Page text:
Devolved Administrations: 20th Anniversary - Motion to Take Note

Part of the debate – in the House of Lords at 8:20 pm on 22nd May 2019.

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Photo of Baroness Adams of Craigielea Baroness Adams of Craigielea Labour 8:20 pm, 22nd May 2019

My Lords, it is a pleasure to follow the noble Baroness, Lady Walmsley. I agree with her and my noble friend Lord Foulkes that we need some kind of constitutional commission to look at the devolution of the whole UK. One of the problems with devolution is that we have taken it piece by piece, area by area and country by country, but we have never looked at the whole. This has caused grievances in England because the English feel that Scotland, Wales and Northern Ireland have their own parliaments or assemblies while they have purely Westminster, where their issues are decided on along with those of every other part of the UK. This means that voters in England think that they are badly done by, while voters in Scotland and Wales think that Westminster is an English Parliament. No one wins until you look at the whole and make sure that there is fairness in that for everyone.

How did we get to this situation in Scotland? For me, it was never about nationalism; it was always about democracy. When I was first elected to the other place in 1990 after a very hard-fought by-election with the SNP barking at my heels, I came to a House where my party was sitting on the Opposition Benches along with the Liberal Democrats and the SNP with 61 Members in Scotland. On the Government Benches the then Conservative Government had 10 Members for Scotland. Ten Members out of 71 in Scotland were taking all the decisions for Scotland, no matter what was said. This was not a matter of nationalism, it was a matter of democracy, and people were feeling it. They were pushing further and harder for some kind of democratic solution. The Scottish Constitutional Convention had already been set up and was doing a good job. Together with the Liberal Democrats, civic Scotland and the churches, we were discussing all the ways to resolve the problem. Unfortunately the Conservatives refused to take part, which was a great pity, as did the SNP, which I am not convinced was such a great pity because its whole thing was separation not devolution.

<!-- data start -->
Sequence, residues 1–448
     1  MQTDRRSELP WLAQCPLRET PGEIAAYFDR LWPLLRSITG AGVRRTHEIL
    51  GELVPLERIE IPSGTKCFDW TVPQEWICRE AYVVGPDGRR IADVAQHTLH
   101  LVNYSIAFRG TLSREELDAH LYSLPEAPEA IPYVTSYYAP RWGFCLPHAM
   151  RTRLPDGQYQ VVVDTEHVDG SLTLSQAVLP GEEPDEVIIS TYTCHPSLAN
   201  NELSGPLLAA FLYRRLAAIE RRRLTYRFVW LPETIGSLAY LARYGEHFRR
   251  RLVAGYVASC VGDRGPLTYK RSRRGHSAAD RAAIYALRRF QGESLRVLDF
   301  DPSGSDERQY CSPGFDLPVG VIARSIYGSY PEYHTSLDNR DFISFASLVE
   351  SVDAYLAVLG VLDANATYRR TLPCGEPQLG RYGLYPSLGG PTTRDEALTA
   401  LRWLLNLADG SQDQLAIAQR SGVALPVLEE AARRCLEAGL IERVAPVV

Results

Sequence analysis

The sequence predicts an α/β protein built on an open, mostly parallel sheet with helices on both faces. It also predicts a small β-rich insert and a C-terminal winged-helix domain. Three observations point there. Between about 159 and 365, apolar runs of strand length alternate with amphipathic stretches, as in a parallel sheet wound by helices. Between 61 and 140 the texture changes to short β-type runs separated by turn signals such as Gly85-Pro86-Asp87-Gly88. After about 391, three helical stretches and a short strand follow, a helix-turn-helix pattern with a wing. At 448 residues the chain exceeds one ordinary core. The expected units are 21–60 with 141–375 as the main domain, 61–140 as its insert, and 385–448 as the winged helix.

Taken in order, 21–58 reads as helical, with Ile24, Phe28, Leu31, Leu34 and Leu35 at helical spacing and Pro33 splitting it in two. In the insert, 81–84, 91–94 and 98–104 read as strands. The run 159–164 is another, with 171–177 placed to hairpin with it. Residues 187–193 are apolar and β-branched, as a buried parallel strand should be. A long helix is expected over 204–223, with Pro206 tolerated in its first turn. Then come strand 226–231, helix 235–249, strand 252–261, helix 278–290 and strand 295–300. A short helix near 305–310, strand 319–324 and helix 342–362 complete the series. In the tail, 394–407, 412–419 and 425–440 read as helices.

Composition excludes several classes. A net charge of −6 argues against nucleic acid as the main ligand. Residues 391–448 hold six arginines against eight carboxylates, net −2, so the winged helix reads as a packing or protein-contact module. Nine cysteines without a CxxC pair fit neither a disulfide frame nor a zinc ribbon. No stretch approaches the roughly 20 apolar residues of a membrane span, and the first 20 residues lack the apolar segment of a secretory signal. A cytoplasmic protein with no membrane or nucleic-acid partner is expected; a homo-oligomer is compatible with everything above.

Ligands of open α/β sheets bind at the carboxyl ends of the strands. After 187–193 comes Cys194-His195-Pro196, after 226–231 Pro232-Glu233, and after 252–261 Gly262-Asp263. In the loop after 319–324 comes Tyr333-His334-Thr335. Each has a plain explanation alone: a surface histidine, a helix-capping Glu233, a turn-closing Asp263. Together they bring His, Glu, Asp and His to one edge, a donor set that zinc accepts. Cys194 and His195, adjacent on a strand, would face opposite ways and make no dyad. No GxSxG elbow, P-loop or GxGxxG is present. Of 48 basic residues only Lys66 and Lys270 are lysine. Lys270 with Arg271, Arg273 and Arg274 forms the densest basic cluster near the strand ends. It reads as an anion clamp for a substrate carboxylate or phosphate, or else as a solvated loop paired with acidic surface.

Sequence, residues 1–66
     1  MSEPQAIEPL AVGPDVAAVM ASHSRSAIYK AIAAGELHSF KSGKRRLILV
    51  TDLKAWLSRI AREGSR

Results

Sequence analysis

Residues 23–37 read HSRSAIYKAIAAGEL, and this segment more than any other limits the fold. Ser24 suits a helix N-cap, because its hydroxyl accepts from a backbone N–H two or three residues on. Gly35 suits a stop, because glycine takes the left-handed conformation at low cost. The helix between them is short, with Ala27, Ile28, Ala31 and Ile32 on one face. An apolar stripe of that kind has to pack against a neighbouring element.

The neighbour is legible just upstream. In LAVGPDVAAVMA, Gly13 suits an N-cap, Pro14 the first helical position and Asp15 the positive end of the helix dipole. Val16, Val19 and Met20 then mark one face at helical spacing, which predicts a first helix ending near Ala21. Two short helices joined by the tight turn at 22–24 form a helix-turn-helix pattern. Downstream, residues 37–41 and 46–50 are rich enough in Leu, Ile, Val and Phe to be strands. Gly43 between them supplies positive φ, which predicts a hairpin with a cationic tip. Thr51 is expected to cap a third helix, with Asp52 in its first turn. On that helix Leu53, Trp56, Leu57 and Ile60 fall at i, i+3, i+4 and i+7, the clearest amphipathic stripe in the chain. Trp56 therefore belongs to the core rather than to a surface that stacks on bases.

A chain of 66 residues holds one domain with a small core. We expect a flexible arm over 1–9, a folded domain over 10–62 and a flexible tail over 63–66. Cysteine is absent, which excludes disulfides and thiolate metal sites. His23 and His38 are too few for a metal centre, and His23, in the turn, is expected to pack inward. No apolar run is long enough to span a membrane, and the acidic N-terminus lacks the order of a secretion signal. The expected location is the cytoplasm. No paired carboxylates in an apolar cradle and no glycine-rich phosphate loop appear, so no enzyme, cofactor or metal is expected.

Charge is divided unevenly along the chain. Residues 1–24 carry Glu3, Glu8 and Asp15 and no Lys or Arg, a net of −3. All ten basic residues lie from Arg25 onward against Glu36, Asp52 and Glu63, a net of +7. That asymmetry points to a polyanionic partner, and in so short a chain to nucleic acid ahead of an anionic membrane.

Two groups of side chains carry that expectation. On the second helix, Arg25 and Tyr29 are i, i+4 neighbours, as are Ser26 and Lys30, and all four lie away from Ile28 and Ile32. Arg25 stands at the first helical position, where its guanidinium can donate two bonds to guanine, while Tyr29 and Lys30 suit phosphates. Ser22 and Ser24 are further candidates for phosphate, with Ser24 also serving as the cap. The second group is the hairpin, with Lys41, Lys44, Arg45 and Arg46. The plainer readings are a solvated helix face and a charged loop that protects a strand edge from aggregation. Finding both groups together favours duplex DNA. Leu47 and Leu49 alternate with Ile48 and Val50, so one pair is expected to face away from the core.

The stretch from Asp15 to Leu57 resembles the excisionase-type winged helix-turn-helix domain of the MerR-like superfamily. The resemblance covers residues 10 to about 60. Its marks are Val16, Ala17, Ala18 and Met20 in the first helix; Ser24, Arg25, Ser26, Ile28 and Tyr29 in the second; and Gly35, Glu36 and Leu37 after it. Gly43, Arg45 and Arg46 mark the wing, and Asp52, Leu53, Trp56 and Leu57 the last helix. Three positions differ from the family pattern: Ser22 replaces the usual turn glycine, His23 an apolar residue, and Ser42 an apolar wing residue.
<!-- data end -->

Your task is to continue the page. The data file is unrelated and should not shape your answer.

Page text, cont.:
Did devolution block the road to independence, and was it meant to do so? When Donald Dewar said that devolution was a process, I think that he was often misquoted. People saw the process as one leading to separation, but I think that he was talking about further devolution. By that I mean devolution down to the point nearest to the people, not up to the centre. The Scottish Parliament was never meant to create another centre which would suck more powers up to itself instead of spreading more powers to local authorities. Local authorities have been drained of most of their powers and certainly most of their money because it is being sucked into the centre. If the Scottish Parliament has one big fault, it is that. It is not talking about democracy, it is still concentrating solely on independence.

Good things have happened and a lot of them have been mentioned, and there have been bad things. One of the first things the Scottish Parliament did was to change street names into Gaelic. Anyone who lives in Scotland knows that Gaelic was never the language of southern Scotland, of lowland Scots or of the north-east, which was Doric. In fact, if it had wanted to reflect the second most widely spoken language in Scotland at the time, it would have been Polish. It has been the second most commonly spoken language in Scotland since 1940 when the Free French, the Polish navy and army settled into various parts of Scotland, particularly where I live in Renfrewshire and in Dundee. Since then the population has remained pretty static. It is Polish that should have been put on to the street signs, not Gaelic, which most of the population has never spoken.

One of the things the Scottish convention agreed to was a 50:50 Parliament—a Parliament that would represent 50% women and 50% men. Unfortunately we did not quite achieve that, but we are at 35% and I hope that that will rise as time goes on. Members are continuously asking for more powers. They have not used the powers they have but they have sucked powers away from local government. It is time for them to look at how their powers should be devolved.

I have some fears for the future because, while I hate to mention Brexit, I should say that it is not going down well in Scotland; it is going down very badly indeed. People who have been friends of mine for years and members of my family who are totally opposed to nationalism—they do not like it one bit—are now telling me that if there is another referendum in Scotland, they will vote yes this time because they have had enough. They now think that this union is an unfair marriage with a subordinate partner. No matter what the subordinate partner says, because it is smaller, the bigger partner wins every time. That is not going down well and it is forcing people down a road that they never wanted to take. That is something we have to take into account if we do not want independence in Scotland within the next half dozen years. It is also spilling over into Ireland, where undoubtedly people, particularly young people, are now saying, “No more, we have had enough. We do not want the old things that divided us. We want the things that will bring us together”. The only thing I can say in defence of people in the SNP is that they are not isolationist. They want to be part of the European Union, so if they do not remain part of this union, I fear that that will be the fault of this Parliament, not the SNP.